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Gainesville Veteran Cycling To Raise Money For Memorials

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A routine clean-up of a rental property took an unexpected turn for Terry Martin-Back when he uncovered a bicycle among the random things the previous tenants left behind.

“I don’t know why, but as soon as I saw it, I knew it was my bike,” Martin-Back, 64, said.

Martin-Back served in the U.S. Army, and broke his leg in three places in 1991 while serving in Operation Desert Storm. His doctor said he’d probably never run again. 

Now, Martin-Back is using his new bike to train for an 85-mile cycling trip from Gainesville to Crescent Beach. His goal: Raise money for the Alachua County Veterans Memorial Fund. 

He hadn’t ridden a bike in over 40 years when he started training in September, but he has already raised $1,000 of his $5,000 goal. He plans to ride Dec. 7, and donate the money to clean up, fix or replace local veteran’s memorials.

“The trip should take between six-and-a-half and eight hours,” he said. “Dec. 7 is Pearl Harbor Day, and I chose this day for my trip because World War II veterans are fading quickly and deserve to be remembered.”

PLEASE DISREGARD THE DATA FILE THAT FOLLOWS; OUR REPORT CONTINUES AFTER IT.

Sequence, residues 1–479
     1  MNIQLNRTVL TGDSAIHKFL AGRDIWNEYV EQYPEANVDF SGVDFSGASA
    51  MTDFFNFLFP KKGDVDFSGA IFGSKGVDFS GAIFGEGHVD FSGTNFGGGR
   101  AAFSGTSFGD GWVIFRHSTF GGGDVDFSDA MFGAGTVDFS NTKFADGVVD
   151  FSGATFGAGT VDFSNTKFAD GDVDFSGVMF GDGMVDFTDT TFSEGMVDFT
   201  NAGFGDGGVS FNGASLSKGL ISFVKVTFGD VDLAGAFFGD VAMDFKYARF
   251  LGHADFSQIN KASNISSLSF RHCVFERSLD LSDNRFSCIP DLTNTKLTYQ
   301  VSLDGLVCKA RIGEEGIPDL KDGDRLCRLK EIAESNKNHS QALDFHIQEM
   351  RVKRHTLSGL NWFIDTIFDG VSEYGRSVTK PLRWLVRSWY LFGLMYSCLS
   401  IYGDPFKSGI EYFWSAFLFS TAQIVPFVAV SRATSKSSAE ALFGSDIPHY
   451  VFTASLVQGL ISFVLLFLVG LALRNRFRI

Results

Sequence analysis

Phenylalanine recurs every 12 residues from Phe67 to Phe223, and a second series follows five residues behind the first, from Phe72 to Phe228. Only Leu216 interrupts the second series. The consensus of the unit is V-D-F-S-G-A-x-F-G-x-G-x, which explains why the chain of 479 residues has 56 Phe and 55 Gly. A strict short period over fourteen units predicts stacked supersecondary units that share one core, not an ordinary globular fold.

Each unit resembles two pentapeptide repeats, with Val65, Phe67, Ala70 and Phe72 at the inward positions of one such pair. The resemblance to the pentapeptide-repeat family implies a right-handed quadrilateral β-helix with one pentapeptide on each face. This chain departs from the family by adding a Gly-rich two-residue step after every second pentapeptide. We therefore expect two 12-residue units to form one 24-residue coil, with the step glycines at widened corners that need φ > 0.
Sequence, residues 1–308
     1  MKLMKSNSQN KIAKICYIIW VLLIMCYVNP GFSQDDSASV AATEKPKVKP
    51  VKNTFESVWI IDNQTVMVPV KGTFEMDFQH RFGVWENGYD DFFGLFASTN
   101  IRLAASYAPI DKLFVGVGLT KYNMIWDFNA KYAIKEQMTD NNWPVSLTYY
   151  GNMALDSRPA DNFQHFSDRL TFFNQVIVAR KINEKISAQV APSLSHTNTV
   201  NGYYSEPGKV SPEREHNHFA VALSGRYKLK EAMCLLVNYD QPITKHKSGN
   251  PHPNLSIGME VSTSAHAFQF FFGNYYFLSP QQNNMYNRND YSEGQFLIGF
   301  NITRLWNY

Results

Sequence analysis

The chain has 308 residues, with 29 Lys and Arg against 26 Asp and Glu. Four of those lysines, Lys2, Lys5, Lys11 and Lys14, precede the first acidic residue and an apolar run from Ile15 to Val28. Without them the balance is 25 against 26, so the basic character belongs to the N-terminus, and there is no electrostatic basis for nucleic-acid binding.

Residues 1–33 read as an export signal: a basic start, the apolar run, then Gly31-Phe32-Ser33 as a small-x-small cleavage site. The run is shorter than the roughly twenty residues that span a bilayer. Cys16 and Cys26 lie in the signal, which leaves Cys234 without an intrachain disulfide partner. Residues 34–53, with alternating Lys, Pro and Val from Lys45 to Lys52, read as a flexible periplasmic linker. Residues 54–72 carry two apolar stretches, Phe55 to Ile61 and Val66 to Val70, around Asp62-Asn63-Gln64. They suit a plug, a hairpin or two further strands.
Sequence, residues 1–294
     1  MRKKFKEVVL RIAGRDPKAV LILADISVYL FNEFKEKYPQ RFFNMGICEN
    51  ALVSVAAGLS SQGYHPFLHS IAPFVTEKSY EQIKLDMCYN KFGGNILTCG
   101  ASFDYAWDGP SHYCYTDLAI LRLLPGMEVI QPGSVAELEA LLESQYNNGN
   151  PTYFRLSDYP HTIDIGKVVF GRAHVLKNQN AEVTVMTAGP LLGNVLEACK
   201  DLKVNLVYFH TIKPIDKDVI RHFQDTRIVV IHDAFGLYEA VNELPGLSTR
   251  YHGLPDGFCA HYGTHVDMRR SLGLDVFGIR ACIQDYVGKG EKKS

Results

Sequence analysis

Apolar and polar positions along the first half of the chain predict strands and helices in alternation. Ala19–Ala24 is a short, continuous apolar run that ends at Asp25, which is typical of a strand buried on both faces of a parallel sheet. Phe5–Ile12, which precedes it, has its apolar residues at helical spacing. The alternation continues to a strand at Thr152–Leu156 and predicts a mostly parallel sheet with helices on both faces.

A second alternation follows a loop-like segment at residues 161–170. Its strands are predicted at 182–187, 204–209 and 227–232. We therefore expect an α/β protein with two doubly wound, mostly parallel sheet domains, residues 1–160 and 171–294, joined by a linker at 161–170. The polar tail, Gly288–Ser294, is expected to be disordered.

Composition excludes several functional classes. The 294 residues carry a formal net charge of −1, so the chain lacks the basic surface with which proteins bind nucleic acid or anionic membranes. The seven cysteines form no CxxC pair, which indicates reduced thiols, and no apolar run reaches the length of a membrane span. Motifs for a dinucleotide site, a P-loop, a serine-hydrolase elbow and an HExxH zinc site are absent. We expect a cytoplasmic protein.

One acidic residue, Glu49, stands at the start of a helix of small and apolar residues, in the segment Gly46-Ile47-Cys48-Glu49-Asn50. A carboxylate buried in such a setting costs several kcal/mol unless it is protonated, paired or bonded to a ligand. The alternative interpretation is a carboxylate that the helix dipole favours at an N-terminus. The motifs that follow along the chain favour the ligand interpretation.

Terry Martin-Back served in the Army for 20 years, with 12 of those years being active service and eight in the reserves. (Ana Katarina Stanic/WUFT News)

The county doesn’t have funds to upkeep local memorials like the Kanapaha Veterans Memorial Park on Tower Road, so the memorial fund committee raises money from private and corporate donors. The non-profit raised almost $900 on Veteran’s Day to upkeep of the memorials. 

“I’m not ready to retire,” Martin-Back said. “This is something I’m doing to challenge myself and raise money for the local veteran’s memorial fund.” 

Martin-Back said he hopes to spread awareness and inspire people to try new things.

“Memorials like the one on Tower Road give people a chance to see the names of those who gave the ultimate sacrifice,” Martin-Back said. “Preserving these memorials is important because those who served won’t be forgotten.”

Dan Monteau, 55, will be riding with Martin-Back. Monteau felt inspired to participate because many members of his family served in the military.

“It’s for a really good cause and I’ve always wanted to ride to St. Augustine,” he said. 

Neither Martin-Back nor Monteau have ridden more than 35 miles, but they welcome the challenge.

“I look at it as one more opportunity to educate people about history and the local memorial fund,” Monteau said.

About Ana-Katarina Stanic

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